Over the last two seasons, Horicon/Hustisford’s Dylan Schmitt has passed for a combined 2,743 yards with 32 touchdowns, 13 interceptions and a completion percentage of 59.4.
Gaudy numbers for a guy who now admits he was pretty leery of even playing quarterback in the first place.
“I was like, ‘Dude, this is too hard, I can’t do this.’” he said of his first impressions of the position at the start of his junior year. “And (the coaches) just kept on me. They knew I had what it took — they told me that — but I didn’t believe it right away. It took a little bit.”
It took until Week 4 the 2018 season, to be exact.
Schmitt, who attends Hustisford High School, recalled feeling extremely frustrated following a 30-13 Week 3 loss to Cambridge that season. He couldn’t eject the doubt from his mind.
Then came a 41-6 win over Palmyra-Eagle to open Trailways Large Conference play — a game in which he was 9-of-12 for 160 yards, 3 TDs and zero INTs to go along with 11 carries for 109 yards and 2 TDs on the ground — and the rest, as they say, is history.
“I was like, ‘I’m getting the hang of this — I think I can do this,’” he recalled. “It was smooth sailing from there.
“My head was in it, my body was in it, I was ready to go and so was everybody else around me. It kind of took off from there.”
It certainly did. Schmitt went on to win the Trailways Large Offensive Player of the Year, an honor he would receive again this season. He also was the Daily Citizen’s Most Outstanding Offensive Player in 2018.
And now after an even greater statistical season in 2019, a year in which he guided the MarshFalcons to another undefeated record in Trailways Large play and a second straight conference title, the senior has moved up in the world and is this year’s Daily Citizen Most Valuable Player.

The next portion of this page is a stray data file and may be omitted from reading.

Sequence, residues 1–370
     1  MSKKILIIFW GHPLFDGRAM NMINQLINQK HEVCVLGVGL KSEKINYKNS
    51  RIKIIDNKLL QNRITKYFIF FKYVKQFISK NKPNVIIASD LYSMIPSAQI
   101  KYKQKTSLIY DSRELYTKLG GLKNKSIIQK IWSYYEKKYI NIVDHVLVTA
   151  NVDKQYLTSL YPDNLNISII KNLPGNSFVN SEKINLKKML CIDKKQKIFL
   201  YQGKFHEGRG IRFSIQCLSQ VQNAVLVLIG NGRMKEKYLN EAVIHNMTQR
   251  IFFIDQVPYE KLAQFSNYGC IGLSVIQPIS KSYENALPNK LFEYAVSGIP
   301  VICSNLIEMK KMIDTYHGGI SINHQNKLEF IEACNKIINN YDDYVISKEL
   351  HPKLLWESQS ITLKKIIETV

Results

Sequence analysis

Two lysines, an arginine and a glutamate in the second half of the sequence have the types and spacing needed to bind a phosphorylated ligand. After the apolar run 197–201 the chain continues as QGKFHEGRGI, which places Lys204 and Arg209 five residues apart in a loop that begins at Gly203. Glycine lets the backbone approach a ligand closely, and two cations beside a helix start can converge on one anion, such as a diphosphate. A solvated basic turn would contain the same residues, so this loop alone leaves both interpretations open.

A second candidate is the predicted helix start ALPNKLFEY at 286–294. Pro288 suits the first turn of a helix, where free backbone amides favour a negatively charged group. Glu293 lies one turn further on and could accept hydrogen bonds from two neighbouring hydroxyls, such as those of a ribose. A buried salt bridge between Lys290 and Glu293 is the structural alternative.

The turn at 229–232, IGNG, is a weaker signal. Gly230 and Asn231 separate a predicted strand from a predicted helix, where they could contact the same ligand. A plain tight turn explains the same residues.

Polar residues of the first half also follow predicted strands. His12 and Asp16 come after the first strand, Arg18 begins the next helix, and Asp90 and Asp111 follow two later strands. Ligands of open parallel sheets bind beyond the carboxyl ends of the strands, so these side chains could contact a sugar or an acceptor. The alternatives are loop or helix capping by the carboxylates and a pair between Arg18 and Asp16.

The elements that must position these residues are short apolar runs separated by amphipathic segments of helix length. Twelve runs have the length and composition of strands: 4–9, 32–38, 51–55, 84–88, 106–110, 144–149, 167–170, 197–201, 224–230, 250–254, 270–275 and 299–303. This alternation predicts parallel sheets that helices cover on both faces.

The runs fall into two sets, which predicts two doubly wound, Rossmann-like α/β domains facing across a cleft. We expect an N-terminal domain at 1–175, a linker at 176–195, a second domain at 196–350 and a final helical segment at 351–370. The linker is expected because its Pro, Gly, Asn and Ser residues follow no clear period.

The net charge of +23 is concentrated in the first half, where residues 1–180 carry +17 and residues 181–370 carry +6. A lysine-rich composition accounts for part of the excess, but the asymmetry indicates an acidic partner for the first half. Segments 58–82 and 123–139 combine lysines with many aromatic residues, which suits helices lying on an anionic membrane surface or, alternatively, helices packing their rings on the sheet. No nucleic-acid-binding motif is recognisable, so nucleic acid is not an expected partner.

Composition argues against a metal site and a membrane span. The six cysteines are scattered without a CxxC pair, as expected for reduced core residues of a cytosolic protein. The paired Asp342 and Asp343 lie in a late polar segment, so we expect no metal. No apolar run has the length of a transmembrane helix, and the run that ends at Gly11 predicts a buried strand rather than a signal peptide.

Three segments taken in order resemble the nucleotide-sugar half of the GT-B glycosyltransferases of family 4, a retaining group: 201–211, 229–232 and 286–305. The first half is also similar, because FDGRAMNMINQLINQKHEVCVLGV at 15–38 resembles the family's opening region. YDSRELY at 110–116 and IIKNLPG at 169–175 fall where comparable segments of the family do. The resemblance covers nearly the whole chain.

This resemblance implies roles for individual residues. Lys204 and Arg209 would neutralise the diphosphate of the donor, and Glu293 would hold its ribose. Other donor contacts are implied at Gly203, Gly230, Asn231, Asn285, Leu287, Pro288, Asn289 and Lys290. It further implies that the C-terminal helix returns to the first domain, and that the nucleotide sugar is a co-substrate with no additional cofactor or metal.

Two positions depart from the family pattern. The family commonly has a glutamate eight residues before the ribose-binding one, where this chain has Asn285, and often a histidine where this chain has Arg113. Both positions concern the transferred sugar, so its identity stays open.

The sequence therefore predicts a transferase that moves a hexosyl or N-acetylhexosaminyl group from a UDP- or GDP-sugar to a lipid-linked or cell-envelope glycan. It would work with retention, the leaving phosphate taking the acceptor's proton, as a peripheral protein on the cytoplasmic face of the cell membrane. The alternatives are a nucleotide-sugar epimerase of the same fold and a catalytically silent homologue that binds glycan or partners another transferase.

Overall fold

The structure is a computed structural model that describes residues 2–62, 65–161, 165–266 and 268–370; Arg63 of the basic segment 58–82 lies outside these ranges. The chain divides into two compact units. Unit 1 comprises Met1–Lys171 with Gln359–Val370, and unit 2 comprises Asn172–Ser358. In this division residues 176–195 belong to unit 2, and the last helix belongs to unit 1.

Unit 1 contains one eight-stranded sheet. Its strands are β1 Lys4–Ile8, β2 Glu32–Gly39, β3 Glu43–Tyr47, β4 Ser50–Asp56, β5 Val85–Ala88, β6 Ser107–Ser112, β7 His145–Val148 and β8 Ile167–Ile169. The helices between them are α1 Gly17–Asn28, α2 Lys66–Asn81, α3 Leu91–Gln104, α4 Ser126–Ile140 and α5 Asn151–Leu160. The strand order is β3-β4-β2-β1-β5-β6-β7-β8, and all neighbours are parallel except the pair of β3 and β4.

He credits his teammates for the award as much as anybody.
“They had a certain level of expectation for me going into the year, just because of what we were able to do last year,” he said. “And that kind of helped to push me to be like, ‘I need to be this for the team so we can be successful.’ And they held me to it.”
So did his coaches, who helped him through his early growing pains as a QB and never stopped pushing him to reach his full potential.
"Dylan is a very gifted athlete and we are very proud of him for all his accomplishments," Husticon coach Shannon Mueller said. "Dylan has been so fortunate to stay healthy his junior and seniors seasons to show his true talents on the field. These athletes like Dylan do not come around very often so when you can coach a young man like this you relish it to the bitter end."
After passing for 1,273 yards, 17 TDs and 7 INTs and rushing for 766 yards and 15 TDs in 2018, Schmitt threw for 1,470 yards, 15 TDs and 6 INTs and ran for 1,144 yards and 16 TDs this year.
Schmitt said leadership was a priority from Day 1. With several key players having graduated from the 2018 team that not only won conference, but also advanced to the Division 5 state quarterfinals, Schmitt didn’t want there to be any drop off this year.
“I wanted us to do well really badly this year,” he said, “so I wanted to do all I could on offense to help our team be what we wanted to be.
“(This year’s Trailways Large Defensive Player of the Year) Zach Kehl was that guy on the defensive side for sure. He ran everything and he was everywhere, all over the field,” Schmitt said. “I wanted to be that guy on the offense that could carry us to where we wanted to go.”